Doing eight or 10 reps of the same exercise gives you plenty of practice (there are 30 reps in three sets of 10), without having to strain to handle a heavy weight that you haven’t mastered the technique for yet. 

For “toning” 

Toning isn’t a specific strength training goal, and that’s why it doesn’t have its own special rep range. Being “toned” is mostly just a look: it means you have some muscle definition while being relatively slim.  

That’s why the same exercises that build muscle in people who want to “bulk” are also appropriate for people who want to “tone.” Or to put it another way: any resistance training that builds muscle will be appropriate for both goals. 

So what makes a “bulky” body different from a “toned” one? Partly nutrition (the more you eat, the bigger your muscles can get) and partly just how long you’ve been training and how hard you’ve worked. It takes a lot of time to build a lot of muscle. 

I might even say there’s a component of mindset: people who recognize how important muscle is for their health and for their fitness goals tend to see their new muscles as part of a healthy, fit look—not necessarily as “bulk.” 

When to use higher reps (15+)

Traditionally this is described as the “muscular endurance” range, but that’s a misnomer. Higher reps aren’t great at building strength, and may not be your best option for building muscle size, so just about all they have left to offer is that they might help you do high numbers of reps. 

For muscular endurance, alongside lower rep ranges

The thing is, if you want to build muscular endurance—say, you want to be able to do 100 pushups in a row—you will also benefit from using lower rep ranges to build strength. The stronger you are, the easier each pushup will be for you, and the longer you’ll be able to keep going. 

Studies have found that you don’t need to stick to the 15+ rep range to build muscular endurance—the three-to-five and six-to-eight ranges may work even better than spending your training time on high reps.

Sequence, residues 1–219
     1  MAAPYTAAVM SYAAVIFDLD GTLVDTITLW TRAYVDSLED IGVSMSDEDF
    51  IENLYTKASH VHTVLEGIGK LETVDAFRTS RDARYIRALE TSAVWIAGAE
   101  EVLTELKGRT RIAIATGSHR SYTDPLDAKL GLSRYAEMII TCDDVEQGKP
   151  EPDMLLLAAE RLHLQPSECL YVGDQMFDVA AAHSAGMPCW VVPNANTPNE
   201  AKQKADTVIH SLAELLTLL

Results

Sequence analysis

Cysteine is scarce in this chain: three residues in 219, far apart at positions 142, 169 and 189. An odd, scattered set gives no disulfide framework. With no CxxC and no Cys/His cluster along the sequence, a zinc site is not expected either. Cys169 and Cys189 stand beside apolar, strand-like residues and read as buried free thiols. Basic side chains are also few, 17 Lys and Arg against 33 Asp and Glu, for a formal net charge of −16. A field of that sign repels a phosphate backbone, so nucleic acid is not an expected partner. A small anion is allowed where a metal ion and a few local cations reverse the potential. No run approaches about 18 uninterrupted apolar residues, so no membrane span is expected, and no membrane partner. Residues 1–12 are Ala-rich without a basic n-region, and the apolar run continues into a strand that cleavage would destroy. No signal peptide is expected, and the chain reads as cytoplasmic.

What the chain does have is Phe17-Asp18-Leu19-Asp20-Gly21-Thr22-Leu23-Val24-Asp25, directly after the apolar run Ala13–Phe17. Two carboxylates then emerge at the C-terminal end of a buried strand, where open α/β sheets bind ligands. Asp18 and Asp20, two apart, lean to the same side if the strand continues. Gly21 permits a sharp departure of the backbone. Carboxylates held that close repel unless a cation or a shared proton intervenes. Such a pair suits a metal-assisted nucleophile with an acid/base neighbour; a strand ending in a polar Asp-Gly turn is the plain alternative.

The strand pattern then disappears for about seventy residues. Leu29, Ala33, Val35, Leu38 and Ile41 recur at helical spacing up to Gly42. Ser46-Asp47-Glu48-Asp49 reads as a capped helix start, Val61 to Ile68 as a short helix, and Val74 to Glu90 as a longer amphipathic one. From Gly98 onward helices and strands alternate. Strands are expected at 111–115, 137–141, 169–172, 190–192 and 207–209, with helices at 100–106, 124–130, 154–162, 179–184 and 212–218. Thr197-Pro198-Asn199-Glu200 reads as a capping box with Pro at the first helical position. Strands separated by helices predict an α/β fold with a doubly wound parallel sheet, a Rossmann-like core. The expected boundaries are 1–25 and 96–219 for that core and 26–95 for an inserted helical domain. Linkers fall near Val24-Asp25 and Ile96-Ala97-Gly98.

If your ultimate goal is to do 100 pushups, I wouldn’t tell you to only do high-rep sets; those low-rep ones are useful too. But I’d still expect you to practice high reps for the skill, conditioning, and mental toughness that will be required to execute your goal. 

For muscle size (and “toning”), if you only have light weights available

To do heavy or moderate reps, you need appropriate weights. So if you’re working with limited equipment, you may have no option but to make the best of what you’ve got. 

Fortunately, research has found that muscles can still grow in size if you use light weights and high repetitions, so long as you take each set to failure. So if it takes 20 or even 30 reps to tire out your arms when doing bench press with a set of light dumbbells, that’s still workable. 

If you’re able to do more than 30 reps, though, we’re starting to leave the realm of strength training and enter a territory that’s more like cardio. At that point, you should really look for harder exercises or find a way to get your hands on heavier dumbbells.

The bottom line: variety in rep ranges is good

Ultimately, you don’t need to decide on one rep range for all your training. You won’t see powerlifters only working in the strength range, or bodybuilders only working in the size range. The guy in your neighborhood who can do 25 pullups at the local park probably isn’t doing 25 of everything in his workout routine. 

Credit: Maridav – Shutterstock